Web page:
Obama and his supporters would clearly say No! Rather, their argument is that compromise on the two-state question (and thus on the settlements) is the only way the Israelis can ever have the peace they have always said is their principal goal. Some Israelis agree with Obama, others do not. Does disagreement over policy make one anti-Israeli? Obama and his supporters think not. Rather, they would argue the “tough love” they are trying to get the Israelis to accept is really the only long-term PRO-Israeli position to take. One can, and people do, disagree on this question. To call proponents on one side or another pro- or anti-Israeli overall is more or less like saying advocates or opponentsof health care reform in the United States are pro-or anti-American.

Bad analogy, one might say. Being on one side or another of health care reform may be important, but the issue of Palestine is potentially life-threatening to Israel, and that makes it different. Those who defend the Likud position argue that the Palsetinians have acted consistently perfidiously (not suspending terrorism, for instance) and that their leadership is corrupt and ineffective. Palestinians, of  course, argue much the same about Israeli perfidy (the settlements) and ineffectiveness in suppressing their own fanatics (the settlers).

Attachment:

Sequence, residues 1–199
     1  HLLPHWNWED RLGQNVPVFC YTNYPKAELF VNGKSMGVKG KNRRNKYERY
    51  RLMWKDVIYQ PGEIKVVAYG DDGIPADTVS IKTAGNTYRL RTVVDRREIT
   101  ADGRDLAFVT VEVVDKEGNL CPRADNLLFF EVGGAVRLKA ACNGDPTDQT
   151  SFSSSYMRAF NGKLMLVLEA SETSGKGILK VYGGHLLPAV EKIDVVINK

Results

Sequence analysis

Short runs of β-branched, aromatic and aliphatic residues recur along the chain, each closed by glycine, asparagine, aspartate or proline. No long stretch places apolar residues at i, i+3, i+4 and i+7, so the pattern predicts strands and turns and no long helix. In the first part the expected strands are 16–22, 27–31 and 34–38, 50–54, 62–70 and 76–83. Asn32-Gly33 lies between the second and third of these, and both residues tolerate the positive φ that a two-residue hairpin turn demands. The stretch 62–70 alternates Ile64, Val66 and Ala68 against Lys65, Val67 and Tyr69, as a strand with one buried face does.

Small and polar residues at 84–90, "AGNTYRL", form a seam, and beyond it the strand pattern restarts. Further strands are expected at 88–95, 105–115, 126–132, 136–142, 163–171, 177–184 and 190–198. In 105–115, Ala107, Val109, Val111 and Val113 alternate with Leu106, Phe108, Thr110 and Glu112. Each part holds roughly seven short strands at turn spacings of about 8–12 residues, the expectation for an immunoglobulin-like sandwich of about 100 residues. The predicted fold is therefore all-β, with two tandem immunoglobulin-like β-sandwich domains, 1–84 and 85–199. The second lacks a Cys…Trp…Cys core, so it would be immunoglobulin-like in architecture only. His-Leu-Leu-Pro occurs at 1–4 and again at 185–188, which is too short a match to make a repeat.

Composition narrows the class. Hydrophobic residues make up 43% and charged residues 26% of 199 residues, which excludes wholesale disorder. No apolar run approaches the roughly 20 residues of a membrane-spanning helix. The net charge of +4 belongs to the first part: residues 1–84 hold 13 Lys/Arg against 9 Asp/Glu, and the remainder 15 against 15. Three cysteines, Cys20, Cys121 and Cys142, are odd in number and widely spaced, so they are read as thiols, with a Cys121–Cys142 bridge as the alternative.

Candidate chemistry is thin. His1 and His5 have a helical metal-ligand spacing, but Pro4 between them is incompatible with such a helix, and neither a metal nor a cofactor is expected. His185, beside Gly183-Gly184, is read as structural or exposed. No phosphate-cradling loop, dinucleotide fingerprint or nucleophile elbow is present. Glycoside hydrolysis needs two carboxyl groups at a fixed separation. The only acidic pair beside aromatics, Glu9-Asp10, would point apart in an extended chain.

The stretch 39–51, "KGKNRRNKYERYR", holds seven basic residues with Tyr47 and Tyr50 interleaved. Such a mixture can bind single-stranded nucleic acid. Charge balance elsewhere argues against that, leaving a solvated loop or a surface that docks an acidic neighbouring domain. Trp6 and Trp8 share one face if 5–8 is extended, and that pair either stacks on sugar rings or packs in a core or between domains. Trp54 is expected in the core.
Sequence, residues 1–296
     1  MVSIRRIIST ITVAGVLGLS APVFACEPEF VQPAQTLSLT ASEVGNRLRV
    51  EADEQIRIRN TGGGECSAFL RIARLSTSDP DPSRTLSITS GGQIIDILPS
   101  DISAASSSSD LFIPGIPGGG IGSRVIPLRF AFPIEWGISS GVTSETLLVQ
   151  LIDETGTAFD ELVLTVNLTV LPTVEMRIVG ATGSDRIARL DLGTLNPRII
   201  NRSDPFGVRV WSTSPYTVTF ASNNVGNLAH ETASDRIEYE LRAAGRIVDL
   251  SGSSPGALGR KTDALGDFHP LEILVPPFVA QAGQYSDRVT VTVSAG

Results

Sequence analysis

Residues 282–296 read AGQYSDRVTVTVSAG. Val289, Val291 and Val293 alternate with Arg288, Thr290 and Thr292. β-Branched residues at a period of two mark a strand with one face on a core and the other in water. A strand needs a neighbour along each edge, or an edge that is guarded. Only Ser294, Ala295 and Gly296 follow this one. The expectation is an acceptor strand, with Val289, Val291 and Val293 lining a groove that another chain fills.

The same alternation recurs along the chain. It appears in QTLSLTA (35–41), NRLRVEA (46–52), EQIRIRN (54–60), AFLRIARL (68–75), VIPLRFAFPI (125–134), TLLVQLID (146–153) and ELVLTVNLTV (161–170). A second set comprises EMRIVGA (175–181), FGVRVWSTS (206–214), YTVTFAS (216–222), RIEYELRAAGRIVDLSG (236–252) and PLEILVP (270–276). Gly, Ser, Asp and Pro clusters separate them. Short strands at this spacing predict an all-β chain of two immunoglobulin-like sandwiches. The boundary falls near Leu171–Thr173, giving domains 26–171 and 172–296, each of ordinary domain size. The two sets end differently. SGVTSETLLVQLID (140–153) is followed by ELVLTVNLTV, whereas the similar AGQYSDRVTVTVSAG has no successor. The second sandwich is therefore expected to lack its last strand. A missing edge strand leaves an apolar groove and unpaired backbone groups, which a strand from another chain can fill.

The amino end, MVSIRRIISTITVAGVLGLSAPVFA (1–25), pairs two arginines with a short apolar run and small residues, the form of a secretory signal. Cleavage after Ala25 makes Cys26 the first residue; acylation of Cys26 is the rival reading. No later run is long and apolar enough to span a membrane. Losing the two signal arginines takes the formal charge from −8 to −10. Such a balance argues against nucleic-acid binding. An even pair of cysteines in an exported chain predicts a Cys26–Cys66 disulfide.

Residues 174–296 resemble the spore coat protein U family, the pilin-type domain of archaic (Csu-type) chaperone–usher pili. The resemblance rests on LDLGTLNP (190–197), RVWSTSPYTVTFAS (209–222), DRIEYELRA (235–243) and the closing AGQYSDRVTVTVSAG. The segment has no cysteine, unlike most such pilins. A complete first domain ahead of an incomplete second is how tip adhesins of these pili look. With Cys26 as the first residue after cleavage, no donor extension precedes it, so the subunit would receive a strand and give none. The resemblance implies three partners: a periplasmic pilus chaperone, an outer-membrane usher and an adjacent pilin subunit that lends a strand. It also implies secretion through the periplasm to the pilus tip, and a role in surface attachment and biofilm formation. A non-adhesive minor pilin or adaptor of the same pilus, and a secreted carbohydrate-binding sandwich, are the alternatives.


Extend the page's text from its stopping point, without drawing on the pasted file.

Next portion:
One way to solve this problem may be an American guarantee (possibly reinforced by other regional actors) physically to provide security for all concerned in implementing a Palestinian state solution. This solution itself would be controversial. Where, for instance, would American forces come from to enforce it, given our military overcommitment in the region? Would either side trust outsiders (they have not in the past)? This might be an impractical solution, but is it any worse than what we have now?